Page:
Board holds firm on budget plan
Aldermen once again sparred over including themselves in a citywide pay raise, but no further revisions to the next fiscal year’s budget were ordered at a Thursday evening work session.
Aldermen reviewed final copies of the projected 2012-13 budget ahead of a public budget hearing Tuesday at 5:30 p.m. in the city boardroom.
That budget includes a 2 percent pay raise for all city employees, including aldermen, and an additional $1.50 tacked on to the total bill for water, sewer and trash collection.
The majority of aldermen seem in favor of including aldermen in the pay raise, though a vocal minority continues to insist the aldermen pay hikes be approved in a separate vote when the time comes so dissenting aldermen may vote against them.
“The public perception is important,” said Ward Four Alderman Shirley Estes, explaining her opposition to including aldermen in the pay raises.
“It makes very little difference the actual amount,” she added, responding to previous remarks by Ward Five Alderman D.W. Maxwell that aldermen raises would only cost approximately $2,300.
“Y’all are the only people in the world that can give yourself a raise,” said Mayor Les Bumgarner, wading into the discussion.
Maxwell retorted that lawmakers at all levels of government must eventually vote to implement raises for their office.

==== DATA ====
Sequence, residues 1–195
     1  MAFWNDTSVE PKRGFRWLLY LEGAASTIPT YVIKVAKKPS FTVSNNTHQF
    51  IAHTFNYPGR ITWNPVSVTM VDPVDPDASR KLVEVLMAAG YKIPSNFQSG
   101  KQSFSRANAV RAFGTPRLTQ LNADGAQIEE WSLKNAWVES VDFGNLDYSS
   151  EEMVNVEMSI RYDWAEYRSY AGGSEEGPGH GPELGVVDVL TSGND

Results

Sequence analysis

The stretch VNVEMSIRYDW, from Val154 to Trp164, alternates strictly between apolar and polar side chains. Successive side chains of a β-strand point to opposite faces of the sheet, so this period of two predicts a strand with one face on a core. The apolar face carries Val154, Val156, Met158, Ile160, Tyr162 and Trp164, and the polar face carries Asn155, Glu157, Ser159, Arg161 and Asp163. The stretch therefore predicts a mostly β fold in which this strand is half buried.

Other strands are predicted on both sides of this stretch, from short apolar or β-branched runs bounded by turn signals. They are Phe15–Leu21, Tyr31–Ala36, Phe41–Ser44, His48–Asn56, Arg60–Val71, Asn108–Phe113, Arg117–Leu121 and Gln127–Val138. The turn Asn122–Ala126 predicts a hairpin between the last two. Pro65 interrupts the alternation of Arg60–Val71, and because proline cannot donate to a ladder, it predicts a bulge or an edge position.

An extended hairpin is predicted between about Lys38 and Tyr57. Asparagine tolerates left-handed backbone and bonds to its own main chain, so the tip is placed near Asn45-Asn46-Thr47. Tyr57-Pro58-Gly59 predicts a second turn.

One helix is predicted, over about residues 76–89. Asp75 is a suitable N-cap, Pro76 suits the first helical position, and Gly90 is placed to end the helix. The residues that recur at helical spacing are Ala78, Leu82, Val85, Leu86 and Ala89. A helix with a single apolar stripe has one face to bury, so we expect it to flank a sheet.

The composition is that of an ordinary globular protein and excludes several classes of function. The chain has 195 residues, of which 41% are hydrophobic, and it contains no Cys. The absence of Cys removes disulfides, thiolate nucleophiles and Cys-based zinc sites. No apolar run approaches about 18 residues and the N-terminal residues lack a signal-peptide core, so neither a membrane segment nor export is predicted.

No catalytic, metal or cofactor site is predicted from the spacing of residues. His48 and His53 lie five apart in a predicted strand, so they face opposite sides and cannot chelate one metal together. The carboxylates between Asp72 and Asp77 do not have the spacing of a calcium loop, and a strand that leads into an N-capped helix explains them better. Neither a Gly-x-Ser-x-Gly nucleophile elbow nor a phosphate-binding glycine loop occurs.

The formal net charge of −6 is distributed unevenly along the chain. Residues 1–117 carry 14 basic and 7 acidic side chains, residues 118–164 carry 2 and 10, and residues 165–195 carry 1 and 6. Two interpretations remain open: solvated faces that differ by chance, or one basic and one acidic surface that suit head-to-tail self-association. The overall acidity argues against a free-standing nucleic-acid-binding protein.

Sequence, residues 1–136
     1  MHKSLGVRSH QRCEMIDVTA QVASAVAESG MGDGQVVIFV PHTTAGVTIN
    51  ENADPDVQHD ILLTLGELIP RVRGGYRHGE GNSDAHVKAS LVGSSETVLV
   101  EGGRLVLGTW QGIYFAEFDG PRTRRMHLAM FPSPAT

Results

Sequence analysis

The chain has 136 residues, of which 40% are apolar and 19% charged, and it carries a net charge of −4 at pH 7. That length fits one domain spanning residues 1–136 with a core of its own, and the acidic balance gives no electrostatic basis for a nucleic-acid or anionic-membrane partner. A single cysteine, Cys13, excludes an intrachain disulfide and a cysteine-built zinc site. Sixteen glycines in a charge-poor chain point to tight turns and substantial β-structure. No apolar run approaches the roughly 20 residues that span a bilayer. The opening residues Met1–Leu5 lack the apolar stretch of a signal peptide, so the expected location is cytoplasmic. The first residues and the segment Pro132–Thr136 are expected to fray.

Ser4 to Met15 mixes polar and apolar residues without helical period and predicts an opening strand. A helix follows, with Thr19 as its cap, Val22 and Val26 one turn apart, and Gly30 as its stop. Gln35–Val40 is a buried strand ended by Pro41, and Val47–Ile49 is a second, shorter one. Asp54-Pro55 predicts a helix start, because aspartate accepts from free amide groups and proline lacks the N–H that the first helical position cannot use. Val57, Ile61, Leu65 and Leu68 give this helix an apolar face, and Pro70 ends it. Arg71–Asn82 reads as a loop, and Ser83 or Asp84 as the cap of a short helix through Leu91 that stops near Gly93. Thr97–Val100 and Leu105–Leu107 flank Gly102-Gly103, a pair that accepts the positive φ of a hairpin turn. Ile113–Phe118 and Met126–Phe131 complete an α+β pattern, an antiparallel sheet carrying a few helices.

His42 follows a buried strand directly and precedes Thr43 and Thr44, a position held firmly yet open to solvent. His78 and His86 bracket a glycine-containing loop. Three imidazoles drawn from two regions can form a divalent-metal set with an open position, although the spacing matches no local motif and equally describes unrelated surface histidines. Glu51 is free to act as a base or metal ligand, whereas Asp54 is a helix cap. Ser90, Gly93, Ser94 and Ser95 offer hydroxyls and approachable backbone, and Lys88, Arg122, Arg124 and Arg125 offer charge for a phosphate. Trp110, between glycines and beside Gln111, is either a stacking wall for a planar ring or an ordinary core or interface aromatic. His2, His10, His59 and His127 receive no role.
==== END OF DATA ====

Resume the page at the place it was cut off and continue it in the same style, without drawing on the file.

“Does the public expect a legislative body to never receive a cost of living adjustment?” asked Maxwell.
He added that aldermen continue to pay for much of the cost of their office, including gasoline for travel and phone bills.
There was mention of holding a straw vote on the question of voting on employee raises and aldermen raises as separate matters, but that did not materialize.
Though there was no substantial discussion of any other line items in the budget, Estes again questioned Bumgarner about the extent of overtime pay some city employees receive. The mayor repeated remarks from a previous work session that he’s investigated and believes all overtime is being fairly earned.
“I just don’t think there’s any waste out there,” Bumgarner said.
Aldermen also spent some time discussing the possibility that the costs of building permits and inspection fees should be raised. However, aldermen did not have access to the current fees.
Jinks and Bumgarner both explained to the board the fees could be raised any time, with the only impact on the budget being an increase the expected revenue in the Building Inspector’s Department.
“This has nothing to do with the budget,” said the mayor, nudging the conversation into another direction.
Aldermen also took a moment to note the death of a city employee, Ronnie Heathcock.
“Every time I’ve seen him he was jolly and wanting to make sure he was doing what he was supposed to,” Maxwell said.
Heathcock, 39, was a street department employee and died of a heart attack while on the job Wednesday morning.
“We lost a good man,” Phillips said.